By Robert Schroeder, MarketWatch
President Donald Trump on Tuesday said he wants to have the U.S. economy “opened up” by Easter, laying out an aggressive timetable even as coronavirus cases increase.
“I would love to have the country opened up, and rarin’ to go, by Easter,” which is April 12, the president said in a Fox News town hall broadcast from the White House.
Trump has said he would evaluate the administration’s containment strategy early next week after a 15-day period elapses. The goal of that initiative was to encourage social distancing. During the town hall on Tuesday, Trump asserted, “people can go back to work and practice good judgment.”
Trump, meanwhile, has limited authority to force states to comply with any new federal guidelines. Individual states have ordered steps like mandatory closures of non-essential businesses. Trump’s guidelines were meant to slow the spread of the virus over 15 days.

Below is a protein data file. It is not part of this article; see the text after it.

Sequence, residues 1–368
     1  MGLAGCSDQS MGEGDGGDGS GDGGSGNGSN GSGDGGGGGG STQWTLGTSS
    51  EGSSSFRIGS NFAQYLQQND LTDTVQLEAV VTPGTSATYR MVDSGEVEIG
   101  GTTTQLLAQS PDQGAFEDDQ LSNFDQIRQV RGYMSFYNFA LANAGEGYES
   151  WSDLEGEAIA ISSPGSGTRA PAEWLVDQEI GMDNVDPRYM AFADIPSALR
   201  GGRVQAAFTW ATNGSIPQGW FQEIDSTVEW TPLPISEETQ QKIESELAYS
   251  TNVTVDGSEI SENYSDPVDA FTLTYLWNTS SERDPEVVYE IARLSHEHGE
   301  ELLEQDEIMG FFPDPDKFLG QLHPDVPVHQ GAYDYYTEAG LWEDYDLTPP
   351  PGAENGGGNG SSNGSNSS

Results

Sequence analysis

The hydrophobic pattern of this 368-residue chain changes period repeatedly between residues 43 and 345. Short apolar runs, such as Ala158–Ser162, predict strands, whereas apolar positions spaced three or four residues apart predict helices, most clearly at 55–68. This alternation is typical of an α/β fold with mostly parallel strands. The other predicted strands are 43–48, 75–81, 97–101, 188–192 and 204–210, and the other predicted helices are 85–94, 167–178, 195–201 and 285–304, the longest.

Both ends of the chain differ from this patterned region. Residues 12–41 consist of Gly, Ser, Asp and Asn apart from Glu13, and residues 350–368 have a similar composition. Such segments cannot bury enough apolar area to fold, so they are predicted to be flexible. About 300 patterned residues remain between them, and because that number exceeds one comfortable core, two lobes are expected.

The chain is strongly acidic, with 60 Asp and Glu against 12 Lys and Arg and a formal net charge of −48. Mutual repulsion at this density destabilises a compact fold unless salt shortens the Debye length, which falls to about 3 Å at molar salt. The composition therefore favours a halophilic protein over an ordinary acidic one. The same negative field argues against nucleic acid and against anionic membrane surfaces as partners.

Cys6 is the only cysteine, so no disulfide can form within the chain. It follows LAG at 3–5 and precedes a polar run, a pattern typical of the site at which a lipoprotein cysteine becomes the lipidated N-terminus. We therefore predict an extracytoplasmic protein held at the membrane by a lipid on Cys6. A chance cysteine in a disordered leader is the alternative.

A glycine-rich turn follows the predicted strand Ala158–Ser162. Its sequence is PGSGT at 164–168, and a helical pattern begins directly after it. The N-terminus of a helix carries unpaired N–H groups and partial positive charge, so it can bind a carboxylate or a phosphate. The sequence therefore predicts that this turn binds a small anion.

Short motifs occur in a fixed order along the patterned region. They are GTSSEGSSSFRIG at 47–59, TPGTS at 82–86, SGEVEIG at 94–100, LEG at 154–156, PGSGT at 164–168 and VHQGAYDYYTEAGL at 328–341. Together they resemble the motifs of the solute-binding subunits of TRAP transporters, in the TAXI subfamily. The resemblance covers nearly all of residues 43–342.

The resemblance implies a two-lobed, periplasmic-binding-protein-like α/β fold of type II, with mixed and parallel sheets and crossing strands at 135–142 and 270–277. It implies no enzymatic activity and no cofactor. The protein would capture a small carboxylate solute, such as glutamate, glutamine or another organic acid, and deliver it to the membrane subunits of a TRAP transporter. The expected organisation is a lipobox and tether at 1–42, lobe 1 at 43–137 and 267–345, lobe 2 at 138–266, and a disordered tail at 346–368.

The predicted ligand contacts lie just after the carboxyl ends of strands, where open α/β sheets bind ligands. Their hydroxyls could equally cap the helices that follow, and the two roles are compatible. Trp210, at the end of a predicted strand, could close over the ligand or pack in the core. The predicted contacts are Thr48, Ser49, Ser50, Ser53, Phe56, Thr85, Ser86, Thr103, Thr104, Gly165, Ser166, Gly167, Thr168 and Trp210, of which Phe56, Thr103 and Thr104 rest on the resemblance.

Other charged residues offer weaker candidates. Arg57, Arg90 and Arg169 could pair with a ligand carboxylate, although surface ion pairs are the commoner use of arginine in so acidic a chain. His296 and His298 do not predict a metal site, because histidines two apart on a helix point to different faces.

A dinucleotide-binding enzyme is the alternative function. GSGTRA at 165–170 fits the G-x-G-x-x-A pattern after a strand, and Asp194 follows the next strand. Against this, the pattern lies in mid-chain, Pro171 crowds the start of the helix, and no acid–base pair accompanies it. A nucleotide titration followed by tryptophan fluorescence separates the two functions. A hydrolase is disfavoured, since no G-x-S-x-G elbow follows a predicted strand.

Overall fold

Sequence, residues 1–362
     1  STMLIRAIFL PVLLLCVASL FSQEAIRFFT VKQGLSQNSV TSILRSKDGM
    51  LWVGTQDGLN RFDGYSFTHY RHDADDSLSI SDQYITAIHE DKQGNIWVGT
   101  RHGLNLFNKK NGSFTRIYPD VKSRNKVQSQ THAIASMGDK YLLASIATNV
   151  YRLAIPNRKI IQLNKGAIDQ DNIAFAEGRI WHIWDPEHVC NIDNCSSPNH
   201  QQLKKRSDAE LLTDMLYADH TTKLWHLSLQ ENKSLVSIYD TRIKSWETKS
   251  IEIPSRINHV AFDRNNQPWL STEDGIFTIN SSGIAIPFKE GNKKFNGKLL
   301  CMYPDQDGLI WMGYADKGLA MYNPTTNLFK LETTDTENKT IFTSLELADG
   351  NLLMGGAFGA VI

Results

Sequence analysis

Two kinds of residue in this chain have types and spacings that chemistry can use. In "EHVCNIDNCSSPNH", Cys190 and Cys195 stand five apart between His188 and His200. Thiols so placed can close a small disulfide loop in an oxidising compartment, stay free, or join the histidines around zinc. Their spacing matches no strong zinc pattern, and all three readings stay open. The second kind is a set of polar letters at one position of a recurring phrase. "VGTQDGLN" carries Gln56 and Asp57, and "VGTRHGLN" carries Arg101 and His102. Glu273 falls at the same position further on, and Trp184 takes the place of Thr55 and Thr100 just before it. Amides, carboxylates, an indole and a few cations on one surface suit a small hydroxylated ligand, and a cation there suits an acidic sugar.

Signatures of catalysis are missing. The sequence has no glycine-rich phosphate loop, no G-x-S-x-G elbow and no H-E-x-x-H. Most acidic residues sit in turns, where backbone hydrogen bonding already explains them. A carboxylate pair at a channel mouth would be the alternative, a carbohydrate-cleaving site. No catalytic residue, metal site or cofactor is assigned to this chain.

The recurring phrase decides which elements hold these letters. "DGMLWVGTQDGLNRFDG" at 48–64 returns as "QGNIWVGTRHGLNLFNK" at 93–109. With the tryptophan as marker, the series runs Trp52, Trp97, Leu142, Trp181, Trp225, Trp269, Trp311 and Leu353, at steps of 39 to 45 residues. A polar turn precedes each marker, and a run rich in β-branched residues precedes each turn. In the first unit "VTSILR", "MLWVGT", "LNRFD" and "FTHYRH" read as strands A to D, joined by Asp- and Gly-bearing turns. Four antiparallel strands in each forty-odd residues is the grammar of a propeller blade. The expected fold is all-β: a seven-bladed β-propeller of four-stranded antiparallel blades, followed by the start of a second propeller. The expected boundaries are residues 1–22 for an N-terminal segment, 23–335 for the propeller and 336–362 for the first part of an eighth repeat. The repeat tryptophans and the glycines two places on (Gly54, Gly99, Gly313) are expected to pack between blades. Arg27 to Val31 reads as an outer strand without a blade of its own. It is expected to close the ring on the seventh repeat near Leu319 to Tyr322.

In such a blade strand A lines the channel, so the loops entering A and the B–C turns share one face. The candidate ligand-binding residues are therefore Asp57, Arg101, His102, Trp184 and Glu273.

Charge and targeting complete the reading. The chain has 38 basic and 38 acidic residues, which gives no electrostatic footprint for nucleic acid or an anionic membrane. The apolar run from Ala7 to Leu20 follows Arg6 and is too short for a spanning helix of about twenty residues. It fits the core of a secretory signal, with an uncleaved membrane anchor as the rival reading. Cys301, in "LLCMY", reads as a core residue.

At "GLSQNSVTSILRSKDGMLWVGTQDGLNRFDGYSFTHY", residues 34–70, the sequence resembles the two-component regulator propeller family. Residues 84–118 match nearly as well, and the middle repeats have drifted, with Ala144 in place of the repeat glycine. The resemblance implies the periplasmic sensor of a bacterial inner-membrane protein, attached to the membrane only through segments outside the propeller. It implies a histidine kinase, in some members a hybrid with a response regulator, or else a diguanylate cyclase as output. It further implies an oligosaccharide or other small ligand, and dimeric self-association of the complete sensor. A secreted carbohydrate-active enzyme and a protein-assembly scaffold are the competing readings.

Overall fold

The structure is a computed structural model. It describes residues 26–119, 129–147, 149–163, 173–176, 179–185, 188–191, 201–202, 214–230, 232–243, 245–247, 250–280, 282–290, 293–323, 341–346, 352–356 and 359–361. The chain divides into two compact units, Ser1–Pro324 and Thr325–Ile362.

Trump earlier urged congressional negotiators to approve a sweeping deal to cushion the economic effects of the coronavirus, as U.S. stocks soared on optimism over an agreement.
“Congress must approve the deal, without all of the nonsense, today,” the president wrote on Twitter. He said the longer it takes, “the harder it will be to start up our economy.”
In the U.S., the number of cases has grown to 46,481 with 593 deaths.
New York Gov. Andrew Cuomo on Tuesday made an impassioned plea for thousands of ventilators to be sent to his state within the next 14 days to deal with an expected severe shortage given the wave of patients expected to be infected with the illness.
The Dow Jones Industrial Average /zigman2/quotes/210598065/realtime DJIA -0.88% advanced more than 1,500 points on hopes for a congressional package.
The measure from Capitol Hill is estimated to cost between $1.6 trillion to $1.8 trillion. It would include direct checks for Americans of about $1,200 a person, expanded unemployment insurance and an unprecedented lending program to small- and medium-size businesses using the Federal Reserve’s emergency-lending powers.
Senate Majority Leader Mitch McConnell and House Speaker Nancy Pelosi both expressed optimism about a deal early Tuesday. Pelosi said agreement could be reached in hours, while McConnell described action as on the “five-yard line.” Senate Minority Leader Chuck Schumer called it even closer, at the “two-yard line.”